D.R. Horton won’t be the last company to pursue this business strategy. And the ad hoc nature of water policy in North Texas makes our state vulnerable to misstep.

In Austin, San Antonio and Bexar County, private water rights are not allowed. Residents and the private sector are prohibited from drilling wells, harvesting water resources, or capturing surface water. The entire region is a protected area over the Edwards Aquifer.

Dallas is different. Dallas and most of the surrounding area is in the Trinity River Basin, and more specifically, in Region C under the Texas Water Development Board, which lacks the protections on water supply in place in Bexar.

Further, Dallas County is not currently in a groundwater conservation district, which would require more vigilant restrictions on groundwater collection, redirection and use.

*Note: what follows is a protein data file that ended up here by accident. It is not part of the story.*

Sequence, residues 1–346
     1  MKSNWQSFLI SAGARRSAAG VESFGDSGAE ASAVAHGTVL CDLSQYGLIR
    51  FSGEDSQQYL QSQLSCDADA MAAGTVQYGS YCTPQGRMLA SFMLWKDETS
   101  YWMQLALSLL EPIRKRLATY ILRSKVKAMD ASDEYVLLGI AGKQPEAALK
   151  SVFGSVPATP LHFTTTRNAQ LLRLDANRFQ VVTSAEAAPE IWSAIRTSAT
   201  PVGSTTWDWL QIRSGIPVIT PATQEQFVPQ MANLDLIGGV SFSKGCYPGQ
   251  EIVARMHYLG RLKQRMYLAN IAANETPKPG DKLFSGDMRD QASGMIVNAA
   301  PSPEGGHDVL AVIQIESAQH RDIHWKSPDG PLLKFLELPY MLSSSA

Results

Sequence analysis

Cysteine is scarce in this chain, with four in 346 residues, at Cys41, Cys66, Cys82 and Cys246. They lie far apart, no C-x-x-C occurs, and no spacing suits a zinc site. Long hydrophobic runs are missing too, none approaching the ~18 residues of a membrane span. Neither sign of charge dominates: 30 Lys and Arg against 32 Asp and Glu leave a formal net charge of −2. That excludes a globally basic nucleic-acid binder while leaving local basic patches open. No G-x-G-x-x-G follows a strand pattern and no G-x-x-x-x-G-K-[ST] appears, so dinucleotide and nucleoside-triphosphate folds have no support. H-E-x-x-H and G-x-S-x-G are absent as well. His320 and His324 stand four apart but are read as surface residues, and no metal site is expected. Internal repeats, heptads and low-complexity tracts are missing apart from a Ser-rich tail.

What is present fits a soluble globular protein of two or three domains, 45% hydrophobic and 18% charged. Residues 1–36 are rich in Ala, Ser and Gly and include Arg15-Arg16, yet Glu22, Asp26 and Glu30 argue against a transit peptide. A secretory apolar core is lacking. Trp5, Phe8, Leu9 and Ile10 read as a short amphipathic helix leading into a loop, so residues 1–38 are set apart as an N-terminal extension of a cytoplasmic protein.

Dallas has been growing for 100 years, requiring vigilant water planning. In 1909, the city of Dallas bought 2,292 acres of land for $176,000 to start the construction of a 100-year water reservoir and resource. They called it White Rock Lake. This seemingly vast expanse of water took four years to fill due to drought, but started service in 1915. Despite being gauged to hold 5.8 billion gallons of water, by the mid-1920′s Dallas already needed a new reservoir, and by 1929 White Rock ceased supplying water to Dallas, according to White Rock Lake, a 2010 history of the area by Sally Rodriguez.